|James Malone, a former antiques dealer from Dorking in Surrey
Artificially bred A Surrey businessman who accused the police of illegallytappinghis phone is celebrating after a ruling by the European Court of Human Rights.
|1984: Euro Court condemns phone-tapping
James Malone, a former antiques dealer from Dorking in Surrey, claims that while he was on trial for handling stolen goods in 1977, the policeinterceptedhis telephone calls and his post.
In 1979, Mr Malone, who was acquitted on all charges, unsuccessfully tried to sue the Metropolitan Police in the High Court but the court said it had nojurisdictionin the matter.
Following a six-year campaign, Mr Malone's case was finally referred to the European Courts in May last year and a panel of 18 judges ruled today that the UK government was inbreachof the European Convention.
Mr Malone was delighted by the decision although he is not convinced the practice will stop.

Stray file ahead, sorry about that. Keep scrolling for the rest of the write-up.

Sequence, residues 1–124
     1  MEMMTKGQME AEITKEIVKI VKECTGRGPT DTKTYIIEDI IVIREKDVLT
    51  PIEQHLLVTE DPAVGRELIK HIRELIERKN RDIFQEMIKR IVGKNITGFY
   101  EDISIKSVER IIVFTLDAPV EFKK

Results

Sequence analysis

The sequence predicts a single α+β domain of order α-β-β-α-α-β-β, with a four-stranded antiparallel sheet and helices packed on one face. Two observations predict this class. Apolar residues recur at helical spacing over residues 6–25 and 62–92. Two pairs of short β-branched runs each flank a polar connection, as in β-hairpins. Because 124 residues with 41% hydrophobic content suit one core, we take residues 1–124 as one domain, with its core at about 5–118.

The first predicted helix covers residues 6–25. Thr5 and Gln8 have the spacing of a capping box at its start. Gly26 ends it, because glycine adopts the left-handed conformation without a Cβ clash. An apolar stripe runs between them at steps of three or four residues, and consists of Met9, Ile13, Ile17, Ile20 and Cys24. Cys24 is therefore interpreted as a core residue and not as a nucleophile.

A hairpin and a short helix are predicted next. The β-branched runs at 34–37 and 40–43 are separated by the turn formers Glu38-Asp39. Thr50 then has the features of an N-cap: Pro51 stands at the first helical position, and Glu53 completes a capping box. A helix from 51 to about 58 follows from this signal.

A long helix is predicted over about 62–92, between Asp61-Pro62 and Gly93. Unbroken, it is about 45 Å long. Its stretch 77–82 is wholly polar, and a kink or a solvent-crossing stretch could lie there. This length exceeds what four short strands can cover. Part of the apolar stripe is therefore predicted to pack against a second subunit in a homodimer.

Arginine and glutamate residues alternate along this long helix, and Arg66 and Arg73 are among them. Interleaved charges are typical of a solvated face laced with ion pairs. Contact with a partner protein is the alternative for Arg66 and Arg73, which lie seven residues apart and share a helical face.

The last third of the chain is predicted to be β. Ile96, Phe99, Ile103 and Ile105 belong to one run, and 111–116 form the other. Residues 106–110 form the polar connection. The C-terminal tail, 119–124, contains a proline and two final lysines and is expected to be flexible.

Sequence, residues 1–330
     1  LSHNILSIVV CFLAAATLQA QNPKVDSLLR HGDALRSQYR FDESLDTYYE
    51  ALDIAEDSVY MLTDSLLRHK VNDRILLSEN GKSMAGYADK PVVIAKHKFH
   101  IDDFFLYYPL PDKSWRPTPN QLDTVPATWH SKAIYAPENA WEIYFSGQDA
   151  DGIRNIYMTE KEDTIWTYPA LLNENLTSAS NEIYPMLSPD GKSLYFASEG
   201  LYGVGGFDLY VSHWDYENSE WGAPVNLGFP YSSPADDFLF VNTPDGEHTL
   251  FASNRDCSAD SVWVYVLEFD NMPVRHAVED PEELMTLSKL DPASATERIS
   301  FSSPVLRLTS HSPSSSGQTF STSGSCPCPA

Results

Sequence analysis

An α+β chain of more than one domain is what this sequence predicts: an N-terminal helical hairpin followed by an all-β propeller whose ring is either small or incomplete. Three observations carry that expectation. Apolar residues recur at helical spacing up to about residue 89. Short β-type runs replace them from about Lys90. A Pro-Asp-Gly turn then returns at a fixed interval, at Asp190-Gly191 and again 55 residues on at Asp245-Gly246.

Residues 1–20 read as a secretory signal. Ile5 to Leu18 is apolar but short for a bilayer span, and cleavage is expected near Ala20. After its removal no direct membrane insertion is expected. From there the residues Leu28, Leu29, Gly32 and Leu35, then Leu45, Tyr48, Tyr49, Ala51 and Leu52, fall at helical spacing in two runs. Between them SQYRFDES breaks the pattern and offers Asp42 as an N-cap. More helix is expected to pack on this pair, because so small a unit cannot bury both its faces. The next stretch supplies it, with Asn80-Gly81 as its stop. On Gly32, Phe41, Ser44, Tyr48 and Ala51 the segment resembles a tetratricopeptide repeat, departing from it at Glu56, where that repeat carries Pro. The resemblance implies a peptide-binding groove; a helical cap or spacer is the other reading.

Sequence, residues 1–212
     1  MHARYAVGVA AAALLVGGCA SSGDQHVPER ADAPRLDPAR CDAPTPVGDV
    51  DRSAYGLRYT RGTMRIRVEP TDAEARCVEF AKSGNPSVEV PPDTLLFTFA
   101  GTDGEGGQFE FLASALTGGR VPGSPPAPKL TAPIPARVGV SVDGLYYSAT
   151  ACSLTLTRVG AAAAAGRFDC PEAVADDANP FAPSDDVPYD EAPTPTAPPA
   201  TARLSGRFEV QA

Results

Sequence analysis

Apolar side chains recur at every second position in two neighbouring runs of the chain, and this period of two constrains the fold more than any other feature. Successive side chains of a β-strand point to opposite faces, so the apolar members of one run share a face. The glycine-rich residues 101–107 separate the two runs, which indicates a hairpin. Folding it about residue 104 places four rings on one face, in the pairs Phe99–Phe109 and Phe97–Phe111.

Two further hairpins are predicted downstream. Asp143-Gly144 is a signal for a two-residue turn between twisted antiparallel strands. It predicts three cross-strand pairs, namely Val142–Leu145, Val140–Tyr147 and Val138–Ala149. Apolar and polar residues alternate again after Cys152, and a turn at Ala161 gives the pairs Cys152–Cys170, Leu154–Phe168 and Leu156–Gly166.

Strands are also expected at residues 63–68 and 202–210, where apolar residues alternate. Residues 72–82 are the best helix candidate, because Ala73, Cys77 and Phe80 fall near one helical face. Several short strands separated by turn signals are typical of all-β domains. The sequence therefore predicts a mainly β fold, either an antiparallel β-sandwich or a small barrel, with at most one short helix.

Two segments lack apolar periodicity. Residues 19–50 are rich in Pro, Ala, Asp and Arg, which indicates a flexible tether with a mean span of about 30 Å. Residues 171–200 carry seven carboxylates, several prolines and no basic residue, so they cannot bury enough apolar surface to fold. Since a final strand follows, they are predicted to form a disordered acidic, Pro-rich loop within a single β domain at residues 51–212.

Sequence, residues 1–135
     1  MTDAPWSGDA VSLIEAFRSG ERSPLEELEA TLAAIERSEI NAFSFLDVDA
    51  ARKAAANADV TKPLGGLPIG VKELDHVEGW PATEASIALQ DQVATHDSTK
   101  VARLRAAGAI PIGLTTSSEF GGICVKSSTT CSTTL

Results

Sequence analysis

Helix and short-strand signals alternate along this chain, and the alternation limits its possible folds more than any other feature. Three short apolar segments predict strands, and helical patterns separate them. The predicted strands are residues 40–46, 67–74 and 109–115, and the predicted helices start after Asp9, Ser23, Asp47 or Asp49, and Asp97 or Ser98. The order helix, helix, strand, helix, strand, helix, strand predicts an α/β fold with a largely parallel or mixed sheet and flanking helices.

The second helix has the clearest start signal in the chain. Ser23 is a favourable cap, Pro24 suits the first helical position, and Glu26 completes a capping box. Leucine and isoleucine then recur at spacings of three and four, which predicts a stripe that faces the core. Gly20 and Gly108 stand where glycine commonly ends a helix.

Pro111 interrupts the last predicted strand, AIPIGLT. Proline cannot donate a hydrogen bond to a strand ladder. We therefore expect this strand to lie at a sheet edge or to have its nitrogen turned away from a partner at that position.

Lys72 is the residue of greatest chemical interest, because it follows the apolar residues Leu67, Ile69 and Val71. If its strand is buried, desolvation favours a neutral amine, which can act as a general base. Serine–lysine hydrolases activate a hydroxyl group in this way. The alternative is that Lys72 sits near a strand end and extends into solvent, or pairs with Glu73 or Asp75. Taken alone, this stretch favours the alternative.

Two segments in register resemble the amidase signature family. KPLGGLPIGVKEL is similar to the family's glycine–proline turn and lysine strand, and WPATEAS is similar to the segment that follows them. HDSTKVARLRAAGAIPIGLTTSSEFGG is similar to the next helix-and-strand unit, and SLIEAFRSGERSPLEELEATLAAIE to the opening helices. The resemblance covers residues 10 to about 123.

Any safe-guard they bring in will just be to ensure that no-one will catch them doing it
He said: "I am very pleased but I think that all that will happen is that the police or the government will not be caught with their trousers down again.
"Any safe-guard they bring in will just be to ensure that no-one will catch them doing it."
The British government has been told by the European Court to change its 'obscure' regulations.
Ministers had argued that post and telephone interceptions were justified in the interests of crime prevention and it was not necessary to incorporate regulations into the law.
Up to now, police have been allowed to carry out up to 400 phone-taps and 100 mail interceptions a year with authorisation from the home secretary.
There are also fears that the introduction of new electronic telephone exchanges will make the practice of phone-tapping even easier.
Campaigners have now called for new legislation which would require a judge to authorise all phone-taps.
The Home Office confirmed tonight the regulations will be revised and legislation will be introduced to take into account the European Court's judgement.